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Assuming that you ever saw someone making a pizza out of a dough, you probably noticed that usually they push with quite some energy the dough down and use the other part of their energy to enlarge the disc . Even after all this stress applied to the dough, most pizza are really soft, airy and fluffy inside: why is that and what makes this happen ?

I would like to replicate this with my own recipe because this behaviour is really useful, especially if I can just let the dough rise, make the disc just before putting it in the oven and get a nice soft result .

The only thing I can't replicate for sure is an oven capable of expressing 1,100° F and more, mine is about 400° F tops; based on my experiments something like a teaspoon of honey or fructose in general helps to get some more fluff, but not too much elasticity or structure .

  • I don't understand what you mean by "recover". Are you asking why pizza dough quickly regains its shape during kneading (it's elastic), or why it rises in the oven? – rumtscho Oct 16 '14 at 9:24
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Yeast action is only one factor in getting a rise when baking. Yeast metabolizes sugars and produces CO2 bubbles which puff up your dough, and also help with gluten development to make your dough stretchy. However, when you bake your dough much of the lift you get is from the expansion of water turning into steam - this is what makes pizza dough puff up a bit when baked and gives you that texture.

Water is also important in gluten development when your dough is proofing, without enough water you won't get an elastic dough with good crumb. My thinking is that your dough is too dry, so add more water to your dough. Stick to the amounts of flour and water in a trusted recipe and knead with oil instead of flour. After kneading your dough should be fairly loose and just a bit sticky, and you should be able to stretch it quite a bit without breaking.

Regarding oven temperatures you don't need the fires of hades to make a good pizza - the most important things for a good pizza is a good base, sauce, and quality ingredients. Crank your oven up as high as it will go and use a pizza stone (make sure to heat it up for at least 30 minutes) and you'll get a good result.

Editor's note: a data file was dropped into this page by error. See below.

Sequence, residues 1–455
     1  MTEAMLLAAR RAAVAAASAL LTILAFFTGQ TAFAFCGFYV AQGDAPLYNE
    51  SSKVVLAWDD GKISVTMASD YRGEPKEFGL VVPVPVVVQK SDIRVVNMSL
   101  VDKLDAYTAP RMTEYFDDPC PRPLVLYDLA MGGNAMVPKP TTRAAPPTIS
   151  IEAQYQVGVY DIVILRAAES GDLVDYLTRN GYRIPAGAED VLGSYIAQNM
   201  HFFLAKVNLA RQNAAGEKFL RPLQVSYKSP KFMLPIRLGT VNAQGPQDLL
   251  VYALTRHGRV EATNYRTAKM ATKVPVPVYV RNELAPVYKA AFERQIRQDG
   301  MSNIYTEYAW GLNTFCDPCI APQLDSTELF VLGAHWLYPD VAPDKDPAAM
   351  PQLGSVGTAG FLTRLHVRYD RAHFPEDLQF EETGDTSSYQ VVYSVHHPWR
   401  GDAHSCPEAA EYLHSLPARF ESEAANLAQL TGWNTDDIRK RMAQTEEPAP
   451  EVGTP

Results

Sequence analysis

• I never really understood the suggestions regarding adding more water, are you implying the use of a flour with more starch in it so the dough retains more water or are you suggesting the creation of a more "sticky" dough ? – user2485710 Oct 16 '14 at 17:25
  • I'm not implying using a flour with more starch, simply saying to increase the amount of water in the dough in proportion to the flour. – GdD Oct 16 '14 at 19:34
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I believe that you want to be able to mix, knead, and shape the dough like in a fast food pizza establishment. They use special flour mixes with chemicals designed for this stretch and fast rise process. A good quality restaurant uses a 1 to 2 day cold rise process. After removing the dough from the fridge with oil on the outside is kneaded into the dough. The ball is allowed to rest for 30 min. Then separate into balls for each pizza. Form disk shape and place in bags for each into the fridge for 30 to 60 min. Then remove and expand into a thin dough disk. This will rise the best and have very small dense air pockets. Consider how the kneading, cold rise, kneading, cold rest/proofing, and warm rest add to the opportunities to form air pockets as well how the resting and tightening of the gluten network add to the final elasticity of the dough yet allow for significant rise.

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The molecules (arrangement of atoms) which comprise pizza dough are polymeric in affinity.

You've probably heard of polymer chains, usually in association with petrochemicals. But foods too can possess this property.

Polymers invariably are long structures because their individual molecules like to come together in relatively straight lines, sort of like what happens to a handful of neodymium magnets tossed into close proximity.

Accordingly, such structures resist bending, much less folding over into loops. If forced into such states they will always and immediately commence to resume their preferred state, to wit a roughly linear one (in the Euclidian sense).

The mere act of manipulating pizza dough is unable to overcome this property. The application of heat however suffices to do so, at least to some noteworthy extent, because it has the power to break some of the nuclear forces which bind the molecules together ...thus turning them into slightly different kinds of molecules.

Much more delicious ones. Toss it up to experience, lol.

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